Do you continue to suffer with low thyroid symptoms even after taking replacement hormones for months or years? Do you continue to suffer with any of these thyroid symptoms?
- Tired, Sluggish
- Can't lose weight even with exercise
- Feel cold in hands, feet, or all over
- Require excessive amounts of sleep to function properly
- Increase in weight gain even with low-calorie diet
- Gain weight easily
- Difficult, infrequent bowel movements
- Depression, lack of motivation
- Morning headaches that wear off as the day progresses
- Outer third of the eyebrow thins
- Thinning of the hair on scalp, face or genitals or excessive falling hair
- Dryness of skin and/or scalp
- Mental sluggishness
- Nervous and emotional
- Night sweats
- Hypoglycemia / Low Blood Sugar
- Problems with Balance and Coordination
Are you tired of feeling this way? Are you tired of hearing that there is nothing else that can be done? Or, worse than all of these, are you tired of hearing..."your thyroid levels are normal now, your remaining symptoms can't be from your thyroid?"
If you said yes to any of these questions then you are not alone. In the United States 4 out of every 1000 women suffer with hypothyroidism with up to 90% being due to a destructive autoimmune process called Hashimoto’s. Just like you, most of these people continue to suffer, even after they receive the standard thyroid replacement hormone treatment.
Thyroid symptoms and disorders are caused from a multitude of factors – not just a lazy thyroid or insufficient pituitary function (termed primary hypothyroidism)! The problem is finding the cause and then knowing what to do about the cause (or causes) discovered for each individual. According to Kharrazian, low thyroid symptoms are caused from one or more of 6 functional problems that cannot be treated like a simple infection, broken arm, or disease. There is something wrong in your body, likely multiple functional shifts that can be found, and reversed, if the proper testing and treatment are done.
As stated previously, thyroid replacement (external thyroid hormone management), as the sole basis of treatment, will only work for the pattern of primary Hypothyroidism, not the other 5 patterns of low thyroid function. Treating Hashimoto's Autoimmune Hypothyroidism with replacement as the sole treatment is like treating the common cold virus with antibiotics. Antibiotics never were or never could be effective against the cold virus because antibiotics don't kill viruses, yet it is still commonly used.
In the United States, the number one cause of low thyroid is Hashimoto's Autoimmune Thyroid. Hashimoto's is an autoimmune attack against thyroid cells, meaning your body's immune system is targeting and killing your own thyroid tissue.
Although Hashimoto's can cause symptoms of hyperthyroidism, in most cases there is a slow gradual attack against the thyroid. This eventually leads to the loss of enough thyroid cells and function that it presents as primary hypothyroidism. When the thyroid does not work adequately, in this case because the cells are being destroyed, the pituitary gland (in your brain), increases the production of TSH (thyroid stimulating hormone) as an attempt to increase thyroid gland activity.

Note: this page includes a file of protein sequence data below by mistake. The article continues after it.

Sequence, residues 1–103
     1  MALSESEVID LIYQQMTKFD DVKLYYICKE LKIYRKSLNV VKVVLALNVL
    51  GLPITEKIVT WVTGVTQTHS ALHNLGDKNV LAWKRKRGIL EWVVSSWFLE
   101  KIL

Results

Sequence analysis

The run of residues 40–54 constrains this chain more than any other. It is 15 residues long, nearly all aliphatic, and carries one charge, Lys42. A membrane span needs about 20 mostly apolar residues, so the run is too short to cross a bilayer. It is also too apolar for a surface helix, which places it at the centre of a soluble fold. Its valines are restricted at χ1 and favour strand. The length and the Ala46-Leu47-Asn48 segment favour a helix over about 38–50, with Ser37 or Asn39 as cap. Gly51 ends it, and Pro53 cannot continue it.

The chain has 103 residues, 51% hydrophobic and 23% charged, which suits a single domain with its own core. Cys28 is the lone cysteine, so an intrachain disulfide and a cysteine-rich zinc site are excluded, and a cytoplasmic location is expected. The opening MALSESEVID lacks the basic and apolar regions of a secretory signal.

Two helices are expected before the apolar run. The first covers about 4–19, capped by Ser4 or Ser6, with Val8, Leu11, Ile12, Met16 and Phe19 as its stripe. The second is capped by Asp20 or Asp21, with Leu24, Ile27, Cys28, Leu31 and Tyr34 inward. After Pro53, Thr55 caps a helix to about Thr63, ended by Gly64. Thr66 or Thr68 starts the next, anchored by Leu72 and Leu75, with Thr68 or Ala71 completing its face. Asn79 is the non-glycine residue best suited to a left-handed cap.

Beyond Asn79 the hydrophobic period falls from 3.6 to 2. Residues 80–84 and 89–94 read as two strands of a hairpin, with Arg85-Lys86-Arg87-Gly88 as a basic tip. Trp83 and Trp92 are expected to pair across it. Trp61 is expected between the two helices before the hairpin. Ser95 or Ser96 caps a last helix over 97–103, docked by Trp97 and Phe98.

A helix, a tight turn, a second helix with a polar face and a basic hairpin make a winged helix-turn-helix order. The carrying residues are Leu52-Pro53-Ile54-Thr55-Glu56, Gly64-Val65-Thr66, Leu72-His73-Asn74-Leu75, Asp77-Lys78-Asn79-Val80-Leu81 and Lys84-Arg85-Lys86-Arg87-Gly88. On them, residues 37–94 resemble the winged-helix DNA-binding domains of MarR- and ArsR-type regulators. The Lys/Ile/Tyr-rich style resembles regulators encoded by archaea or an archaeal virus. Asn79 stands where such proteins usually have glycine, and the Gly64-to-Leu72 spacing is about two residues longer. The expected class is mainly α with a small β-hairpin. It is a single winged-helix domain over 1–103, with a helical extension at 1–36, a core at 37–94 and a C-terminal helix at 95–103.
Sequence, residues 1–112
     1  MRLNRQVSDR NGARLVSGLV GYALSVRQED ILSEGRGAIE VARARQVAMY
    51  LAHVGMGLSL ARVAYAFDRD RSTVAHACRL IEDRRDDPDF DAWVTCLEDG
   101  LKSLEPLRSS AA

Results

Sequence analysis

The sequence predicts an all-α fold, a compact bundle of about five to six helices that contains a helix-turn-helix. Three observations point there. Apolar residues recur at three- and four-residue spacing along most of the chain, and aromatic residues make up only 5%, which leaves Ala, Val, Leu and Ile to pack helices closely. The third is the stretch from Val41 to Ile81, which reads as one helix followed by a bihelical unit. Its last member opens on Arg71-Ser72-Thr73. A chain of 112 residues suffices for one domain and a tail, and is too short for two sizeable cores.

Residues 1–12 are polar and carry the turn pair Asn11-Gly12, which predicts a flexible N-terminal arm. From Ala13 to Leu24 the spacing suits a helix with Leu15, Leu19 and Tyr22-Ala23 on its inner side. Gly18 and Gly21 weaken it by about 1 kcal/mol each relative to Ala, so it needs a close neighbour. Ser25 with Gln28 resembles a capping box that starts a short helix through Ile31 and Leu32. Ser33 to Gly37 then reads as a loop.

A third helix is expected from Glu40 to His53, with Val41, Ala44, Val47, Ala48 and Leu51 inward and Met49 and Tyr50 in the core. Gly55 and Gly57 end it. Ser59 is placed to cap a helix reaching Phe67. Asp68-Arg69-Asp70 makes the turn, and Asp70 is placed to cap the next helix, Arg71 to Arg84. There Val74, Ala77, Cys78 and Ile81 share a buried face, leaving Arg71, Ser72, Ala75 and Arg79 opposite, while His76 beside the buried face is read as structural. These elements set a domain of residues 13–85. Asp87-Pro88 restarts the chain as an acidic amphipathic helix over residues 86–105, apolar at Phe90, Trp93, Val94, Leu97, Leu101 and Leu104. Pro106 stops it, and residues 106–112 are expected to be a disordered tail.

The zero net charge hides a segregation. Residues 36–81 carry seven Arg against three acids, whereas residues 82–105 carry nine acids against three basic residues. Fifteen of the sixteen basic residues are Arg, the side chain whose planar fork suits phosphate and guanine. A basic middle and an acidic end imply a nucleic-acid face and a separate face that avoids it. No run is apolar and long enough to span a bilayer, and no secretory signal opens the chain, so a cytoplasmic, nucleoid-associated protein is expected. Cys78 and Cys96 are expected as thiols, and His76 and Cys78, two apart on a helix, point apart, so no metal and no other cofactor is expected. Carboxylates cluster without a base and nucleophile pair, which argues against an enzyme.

Over time people with Autoimmune Thyroid's start to develop the symptoms of low thyroid function which will prompt them to have their thyroid checked by their medical doctor. When the TSH is measured it will usually be found to be increased, representing low thyroid function, and they are typically diagnosed as having primary hypothyroidism. They are then placed on thyroid replacement hormone, for the rest of their life.
"Yet the question is never really asked, "why did they become hypothyroid?..."
The issue of the autoimmune attack is not addressed. Instead, they are considered to be managed and treated properly when the TSH normalizes with the replacement hormones. In a sense the patient is having their TSH managed, but not the underlying mechanism for their thyroid loss (their autoimmune attack).
In the replacement model when the TSH is "normalized" from taking the thyroid replacement, any symptoms that remain, after the normalization of the TSH, are attributed to something else.
For example, if your thyroid condition is causing depression, which it commonly does, then the doctor will give you antidepressants. Why? Because if the thyroid levels are now in the "normal" range, how can the depression symptoms be coming from the thyroid?
On the surface it seems logical but I'll show you why the symptoms are still coming from poor thyroid function.
If you haven't had this experience yet, you probably will. You will go into your doctors office because you STILL suffer with the same symptoms, and in an attempt to move you out of the office in the allotted 10 minutes the doctor has given for your visit, he or she is going to shove an antidepressant prescription at you, and tell you that it will help some of the symptoms.
Do you suffer from depression? Maybe...as a result of the thyroid problem that is not being managed properly, or maybe you’re depressed because you have a chronic problem that no one is taking seriously and just wanting to shove pills at you so you will go away. Either way, an antidepressant isn't the FIX.
In most cases, since the actual autoimmune response is ignored, over time you will continue to lose more thyroid cells, and the requirements for your thyroid replacement hormone continue to rise. Even more importantly, despite the fact that "TSH is considered managed" with replacement thyroid hormones, Autoimmune Thyroid patients will continue to have all the symptoms of low thyroid function.
Stay tuned for additional details regarding stubborn thyroid symptoms despite being on thyroid hormone replacement...
All the best – Dr. Johnson – Digging Deeper To Find Solutions
 Autoimmunity and hypothyroidism. Baillieres Clin Endocrinol Metab. 1988 Aug;2(3):591-617. [PubMed].